Homer shared his opinion on the matter, and many responded in kind:
“What a bizarre attitude for a supposed Free Software developer. Lefebvre should count himself lucky that Torvalds doesn’t take a similar attitude toward his unlicensed use of the word ‘Linux’ (yes, it’s trademarked).
“No wonder you’re having such difficulty. The tools you need are not simply missing, they’ve been deliberately removed and prohibited, for reasons that should never, ever have anything to do with Free Software.”
Lefebvre says that’s not so.
“mintConstructor is, was, will, and always will be GPL. It’s available from various sources on the Internet already and anyone who has it is welcome and able to distribute it or to fork it under a new name. That is the essence of open source and we all agree that this is a wonderful thing. The life span of an open source project doesn’t stop when it is no longer developed. This is what happened here, Linux Mint will no longer distribute, develop or promote this tool. Its licensing won’t change though and I’m sure other developers will take the relay.”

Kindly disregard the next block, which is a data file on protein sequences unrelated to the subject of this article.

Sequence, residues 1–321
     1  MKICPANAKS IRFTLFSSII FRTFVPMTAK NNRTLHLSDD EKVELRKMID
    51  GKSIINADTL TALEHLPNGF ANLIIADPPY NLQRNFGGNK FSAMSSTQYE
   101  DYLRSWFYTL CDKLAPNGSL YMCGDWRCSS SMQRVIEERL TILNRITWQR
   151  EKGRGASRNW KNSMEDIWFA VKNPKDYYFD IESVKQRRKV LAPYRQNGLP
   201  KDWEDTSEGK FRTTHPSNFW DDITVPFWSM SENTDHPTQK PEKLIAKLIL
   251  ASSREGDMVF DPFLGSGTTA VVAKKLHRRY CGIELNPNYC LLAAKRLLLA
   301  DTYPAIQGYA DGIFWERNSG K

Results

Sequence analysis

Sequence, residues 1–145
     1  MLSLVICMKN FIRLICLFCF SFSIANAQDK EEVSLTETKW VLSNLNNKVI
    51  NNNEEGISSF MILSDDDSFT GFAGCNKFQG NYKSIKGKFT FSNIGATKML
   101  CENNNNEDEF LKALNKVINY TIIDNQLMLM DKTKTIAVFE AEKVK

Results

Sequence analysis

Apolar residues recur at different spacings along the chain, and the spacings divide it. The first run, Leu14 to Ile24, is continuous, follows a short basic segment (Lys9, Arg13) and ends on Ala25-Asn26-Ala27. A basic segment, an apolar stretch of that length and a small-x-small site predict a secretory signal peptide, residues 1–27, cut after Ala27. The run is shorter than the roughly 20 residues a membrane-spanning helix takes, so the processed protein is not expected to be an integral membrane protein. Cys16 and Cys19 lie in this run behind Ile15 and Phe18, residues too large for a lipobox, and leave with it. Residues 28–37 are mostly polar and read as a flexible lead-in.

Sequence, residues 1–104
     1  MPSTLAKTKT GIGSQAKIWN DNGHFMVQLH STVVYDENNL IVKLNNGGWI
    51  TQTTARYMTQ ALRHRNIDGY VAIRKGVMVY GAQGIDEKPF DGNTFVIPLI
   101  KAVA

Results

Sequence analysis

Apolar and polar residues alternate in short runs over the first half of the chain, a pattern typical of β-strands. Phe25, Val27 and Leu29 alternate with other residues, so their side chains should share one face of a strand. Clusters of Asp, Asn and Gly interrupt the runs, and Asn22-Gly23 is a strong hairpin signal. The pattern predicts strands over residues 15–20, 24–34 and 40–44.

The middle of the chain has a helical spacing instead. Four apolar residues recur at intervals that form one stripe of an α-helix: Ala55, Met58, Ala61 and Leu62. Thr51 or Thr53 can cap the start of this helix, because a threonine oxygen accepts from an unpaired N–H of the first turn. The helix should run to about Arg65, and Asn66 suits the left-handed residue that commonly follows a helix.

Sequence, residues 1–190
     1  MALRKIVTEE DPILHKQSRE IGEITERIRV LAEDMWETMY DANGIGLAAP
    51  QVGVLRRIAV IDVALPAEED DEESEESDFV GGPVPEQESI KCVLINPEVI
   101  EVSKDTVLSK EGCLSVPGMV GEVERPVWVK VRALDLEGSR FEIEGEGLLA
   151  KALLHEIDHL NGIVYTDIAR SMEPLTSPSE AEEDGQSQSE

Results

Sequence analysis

I can’t validate it’s available from “various sources,” but we were able to locate a source of the software on Github without much trouble.
Some have argued that Lefebvre did the same thing when he created Mint from the Ubuntu base. I don’t think that’s entirely correct but I see how this might be a justified opinion, at first blush anyway. Clem never branded his distro as “Ubuntu” or any “buntu” for that matter. Clem felt that his hard work was being threatened by these other projects and took steps to make sure it didn’t happen again.